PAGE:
Nor do there seem to be any political instincts there. He was unable to overcome the factional fights in Kerala (the state he now represents in the Lok Sabha) to the extent that the Congress lost what was once considered a sure thing because of the cyclical nature of Kerala elections. Nearly all of the bright young leaders he once surrounded himself with have now left the party or have tried to leave. And sadly enough, when a leader is seen as having no hope of getting anywhere, the only people who stick by him are the dregs, the people who have nowhere else to go to. That is Rahul’s current circle.
Nowhere is this more apparent than the party’s social media operation. The BJP’s IT cell media spreads poison but it is also frighteningly effective. The Congress’ Twitter operation is a mirror image of the BJP IT Cell but it is ludicrously ineffectual. It targets anyone who does not believe that Rahul Gandhi can walk on water for vicious abuse, not recognising that the people it is attacking the most are liberals who would normally be expected to support the Congress. In the process, it re-emphasises the widely-held view that the Congress is no longer a great liberal option but a nasty cult dedicated to worship of Rahul Gandhi and his family.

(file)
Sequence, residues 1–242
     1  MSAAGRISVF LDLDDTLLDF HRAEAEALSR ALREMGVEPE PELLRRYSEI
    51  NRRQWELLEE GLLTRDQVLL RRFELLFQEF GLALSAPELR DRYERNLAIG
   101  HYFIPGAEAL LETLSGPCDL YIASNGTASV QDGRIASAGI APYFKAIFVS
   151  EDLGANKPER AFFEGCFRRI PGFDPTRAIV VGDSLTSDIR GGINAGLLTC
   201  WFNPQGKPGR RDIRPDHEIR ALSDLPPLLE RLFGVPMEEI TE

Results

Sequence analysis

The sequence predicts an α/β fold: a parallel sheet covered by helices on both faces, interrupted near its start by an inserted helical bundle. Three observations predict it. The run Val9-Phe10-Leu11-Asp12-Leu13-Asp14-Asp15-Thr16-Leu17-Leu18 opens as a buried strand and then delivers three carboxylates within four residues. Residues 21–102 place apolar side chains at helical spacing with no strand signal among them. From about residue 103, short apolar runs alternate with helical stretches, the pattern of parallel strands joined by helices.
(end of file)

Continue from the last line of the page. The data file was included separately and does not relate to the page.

None of this gets the Congress anywhere. The BJP’s social media operation swings elections. The Congress’ social media effort only makes more enemies for Rahul Gandhi. It is one reason for the media‘s uneasiness with this avatar of the Congress. And yet, perhaps because nobody else says anything nice about him, Rahul is content to let this continue.
I could go on: the mishandling of Punjab and the emergence of Navjot Singh Sidhu as a family favorite deserves a whole book. In UP, Rahul Gandhi said in 2005 that the Congress needed time to build up its organisation. It has been 17 years and they have built up nothing except for the vote share of the other parties.
If the Congress was just a Jim Jones-style cult — which it sometimes gives the impression of resembling — then none of this would matter so much. But the Congress cannot be a cult. It is a great national party that has always stood up for liberal values. In between 150 to 200 seats, it is also the main opponent of the BJP. One reason the BJP wins Lok Sabha elections is because it so easily defeats the Congress in those seats. Far from opposing Modi, this Congress leadership is keeping him in power.